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Topic Records TSCD592P

Here it is; arguably the big release of the winter – and it doesn't disappoint. Ms Carthy's latest is big in all senses. On tour and in the studio it kept a 12-strong roster of the folk scene's brightest and best out of trouble while they fashioned a follow-up to the compilation of the best of her unique career, Wayward Daughter.

Or should that be careers plural? One of the remarkable things about the way she has navigated her way is that she has, in effect, had two of them. On the one hand, there is the traditional musician and singer; such a positive influence in driving that first love on for another generation. On the other, she pursues a quirky and highly individual path as a writer and interpreter of modern songs. Either one of those would make her a major figure; her mastery of both makes her special. What you don't often get from her, though, is an equal balance between the ancient and modern. If you buy a CD or a concert ticket with the name Eliza Carthy on it, you get one thing but not the other.

Big Machine therefore represents the most determined stab so far at marrying the two strands of her brilliance. It works rather magnificently, although that is hardly a surprise given the quality of the cast-list involved. To run through just a few names – and with apologies to the others – it includes the likes of Sam Sweeney, David Delarre, Barn Stradling, Saul Rose, Beth Porter and Lucy Farrell. Not many of them total strangers to her, it has to be said. They sound as exultantly mighty as they should.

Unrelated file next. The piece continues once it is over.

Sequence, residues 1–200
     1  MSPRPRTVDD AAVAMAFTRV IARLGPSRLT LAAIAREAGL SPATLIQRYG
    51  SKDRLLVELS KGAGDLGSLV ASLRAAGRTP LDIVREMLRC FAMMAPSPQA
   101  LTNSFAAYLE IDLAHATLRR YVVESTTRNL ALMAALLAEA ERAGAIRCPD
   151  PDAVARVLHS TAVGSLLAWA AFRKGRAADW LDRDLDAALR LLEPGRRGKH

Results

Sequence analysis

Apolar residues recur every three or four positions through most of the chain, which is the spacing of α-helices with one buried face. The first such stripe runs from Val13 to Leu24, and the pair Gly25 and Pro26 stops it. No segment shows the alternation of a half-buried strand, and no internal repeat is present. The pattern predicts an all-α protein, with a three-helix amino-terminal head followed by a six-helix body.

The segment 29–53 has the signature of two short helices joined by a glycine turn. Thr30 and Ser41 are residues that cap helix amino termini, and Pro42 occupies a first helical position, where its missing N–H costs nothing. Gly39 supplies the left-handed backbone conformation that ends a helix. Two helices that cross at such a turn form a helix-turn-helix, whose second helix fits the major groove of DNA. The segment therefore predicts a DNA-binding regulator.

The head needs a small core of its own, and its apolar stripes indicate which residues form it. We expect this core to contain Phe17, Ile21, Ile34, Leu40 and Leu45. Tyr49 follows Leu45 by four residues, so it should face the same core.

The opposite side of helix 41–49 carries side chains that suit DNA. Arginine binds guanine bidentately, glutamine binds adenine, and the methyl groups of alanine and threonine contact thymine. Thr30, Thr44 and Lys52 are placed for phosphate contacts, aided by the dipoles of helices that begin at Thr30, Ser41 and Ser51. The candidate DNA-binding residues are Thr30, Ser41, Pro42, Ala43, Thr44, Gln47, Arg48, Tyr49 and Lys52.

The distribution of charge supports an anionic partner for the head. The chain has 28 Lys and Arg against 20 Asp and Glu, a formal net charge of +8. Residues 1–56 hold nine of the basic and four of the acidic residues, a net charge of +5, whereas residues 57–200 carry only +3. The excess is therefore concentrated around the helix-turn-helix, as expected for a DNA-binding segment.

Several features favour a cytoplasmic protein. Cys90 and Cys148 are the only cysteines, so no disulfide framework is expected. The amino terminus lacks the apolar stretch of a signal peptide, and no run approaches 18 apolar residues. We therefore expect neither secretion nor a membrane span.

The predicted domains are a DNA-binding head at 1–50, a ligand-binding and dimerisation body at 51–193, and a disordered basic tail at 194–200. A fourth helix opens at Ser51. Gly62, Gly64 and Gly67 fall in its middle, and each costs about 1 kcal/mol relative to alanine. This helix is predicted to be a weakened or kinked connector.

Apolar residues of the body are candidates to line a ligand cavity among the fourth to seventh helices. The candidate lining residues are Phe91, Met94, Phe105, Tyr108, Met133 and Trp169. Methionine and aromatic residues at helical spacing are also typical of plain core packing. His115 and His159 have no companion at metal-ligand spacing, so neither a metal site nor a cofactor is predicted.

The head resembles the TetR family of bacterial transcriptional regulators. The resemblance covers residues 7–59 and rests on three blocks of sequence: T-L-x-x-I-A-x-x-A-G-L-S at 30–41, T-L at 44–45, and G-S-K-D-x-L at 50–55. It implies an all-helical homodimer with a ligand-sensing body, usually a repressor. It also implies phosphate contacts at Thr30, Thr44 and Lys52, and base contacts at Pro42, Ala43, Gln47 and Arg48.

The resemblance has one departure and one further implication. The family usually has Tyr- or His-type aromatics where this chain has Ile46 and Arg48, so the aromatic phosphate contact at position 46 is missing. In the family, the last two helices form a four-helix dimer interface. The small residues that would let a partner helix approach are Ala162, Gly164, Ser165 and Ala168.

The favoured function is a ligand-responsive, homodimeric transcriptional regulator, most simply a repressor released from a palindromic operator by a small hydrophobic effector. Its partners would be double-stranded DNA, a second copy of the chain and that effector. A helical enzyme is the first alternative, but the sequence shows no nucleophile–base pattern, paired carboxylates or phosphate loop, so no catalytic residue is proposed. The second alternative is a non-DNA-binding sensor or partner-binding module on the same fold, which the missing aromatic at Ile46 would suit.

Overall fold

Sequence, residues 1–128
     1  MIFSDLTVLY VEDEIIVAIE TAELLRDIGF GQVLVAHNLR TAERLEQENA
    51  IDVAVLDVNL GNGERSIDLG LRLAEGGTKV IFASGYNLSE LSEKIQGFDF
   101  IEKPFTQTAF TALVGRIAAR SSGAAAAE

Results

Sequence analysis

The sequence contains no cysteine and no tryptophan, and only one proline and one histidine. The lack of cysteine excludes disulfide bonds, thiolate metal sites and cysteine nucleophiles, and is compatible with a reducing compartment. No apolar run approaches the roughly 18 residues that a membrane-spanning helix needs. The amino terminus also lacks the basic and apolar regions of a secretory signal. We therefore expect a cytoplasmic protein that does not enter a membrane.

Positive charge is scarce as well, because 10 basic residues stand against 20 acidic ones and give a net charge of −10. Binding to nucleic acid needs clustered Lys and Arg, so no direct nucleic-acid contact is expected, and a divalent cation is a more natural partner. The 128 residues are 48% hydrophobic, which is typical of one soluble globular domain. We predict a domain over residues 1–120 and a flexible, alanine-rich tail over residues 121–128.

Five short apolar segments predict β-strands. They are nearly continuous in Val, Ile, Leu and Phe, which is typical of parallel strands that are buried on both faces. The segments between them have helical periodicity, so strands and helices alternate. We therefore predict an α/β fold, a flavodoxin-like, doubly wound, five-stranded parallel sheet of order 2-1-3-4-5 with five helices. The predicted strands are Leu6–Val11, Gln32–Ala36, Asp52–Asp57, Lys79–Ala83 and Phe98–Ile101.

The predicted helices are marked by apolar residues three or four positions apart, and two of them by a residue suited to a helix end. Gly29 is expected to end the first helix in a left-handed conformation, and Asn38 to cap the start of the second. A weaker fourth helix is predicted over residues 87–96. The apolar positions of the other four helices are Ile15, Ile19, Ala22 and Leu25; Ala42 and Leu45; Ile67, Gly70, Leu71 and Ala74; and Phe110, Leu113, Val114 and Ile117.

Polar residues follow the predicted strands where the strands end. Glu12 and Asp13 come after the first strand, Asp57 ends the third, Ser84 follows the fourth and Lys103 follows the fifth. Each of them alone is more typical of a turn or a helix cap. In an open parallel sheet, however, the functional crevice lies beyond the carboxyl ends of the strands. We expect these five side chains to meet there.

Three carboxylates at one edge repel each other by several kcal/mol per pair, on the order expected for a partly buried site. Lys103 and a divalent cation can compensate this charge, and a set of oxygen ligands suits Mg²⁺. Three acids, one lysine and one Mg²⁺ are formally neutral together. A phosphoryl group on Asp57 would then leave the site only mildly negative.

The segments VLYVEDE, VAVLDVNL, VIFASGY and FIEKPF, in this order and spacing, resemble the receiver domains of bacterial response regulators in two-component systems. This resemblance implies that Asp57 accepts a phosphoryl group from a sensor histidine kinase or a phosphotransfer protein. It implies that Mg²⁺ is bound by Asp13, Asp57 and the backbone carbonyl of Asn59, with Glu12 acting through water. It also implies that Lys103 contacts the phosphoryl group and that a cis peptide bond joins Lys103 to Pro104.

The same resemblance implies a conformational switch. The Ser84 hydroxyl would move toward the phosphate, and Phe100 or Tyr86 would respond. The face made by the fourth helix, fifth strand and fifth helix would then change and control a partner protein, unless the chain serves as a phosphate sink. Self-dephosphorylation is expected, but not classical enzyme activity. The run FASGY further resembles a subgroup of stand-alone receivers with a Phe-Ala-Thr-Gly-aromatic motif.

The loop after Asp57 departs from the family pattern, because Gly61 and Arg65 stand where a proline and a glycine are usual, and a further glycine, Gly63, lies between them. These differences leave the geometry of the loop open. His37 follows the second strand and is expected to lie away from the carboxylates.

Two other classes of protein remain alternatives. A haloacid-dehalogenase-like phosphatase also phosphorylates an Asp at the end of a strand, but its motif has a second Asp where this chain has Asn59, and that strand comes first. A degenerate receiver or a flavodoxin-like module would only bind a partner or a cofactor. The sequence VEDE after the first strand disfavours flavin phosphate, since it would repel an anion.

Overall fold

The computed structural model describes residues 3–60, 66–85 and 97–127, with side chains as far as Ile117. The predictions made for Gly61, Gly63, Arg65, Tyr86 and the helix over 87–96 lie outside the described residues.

The only question, then, is at what they should direct their power. The answer is a refreshingly wide range of sources; there is Eliza's own You Know Me, about the refugee crisis and definitely one of her best songs so far; Ewan MacColl's Fitter's Song; and a revisiting of Rory McLeod's Hug You Like A Mountain. Personally, I thought she had that one pretty much nailed on Dreams Of Breathing Underwater, but the presence of Teddy Thompson as a guest takes it off in different directions.

There are also songs from a broadside collection in Manchester. It almost doesn't matter; such is her confidence now that she could sing just about anything in any company and make a success of it. The keynote track, I Wish That The Wars Were All Over, is the sort of big, traditional song that she relishes getting her hands on. It starts with some industrial ambience and then welcomes Damien Dempsey aboard to sing just out of kilter with Eliza.

It sounds like it shouldn't work, but it does.

This is a thoroughly ambitious piece of work. It could be a soundtrack to the summer, because it has its potential to fill the Bellowhead-shaped void during the festival season writ large on its sleeve. My only complaint is that the second CD of the deluxe edition, with such delights as her Uncle Mike's Three Day Millionaire, is not included. That will make it a bit bigger still.

Dave Hadfield

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This album was reviewed in Issue 117 of The Living Tradition magazine.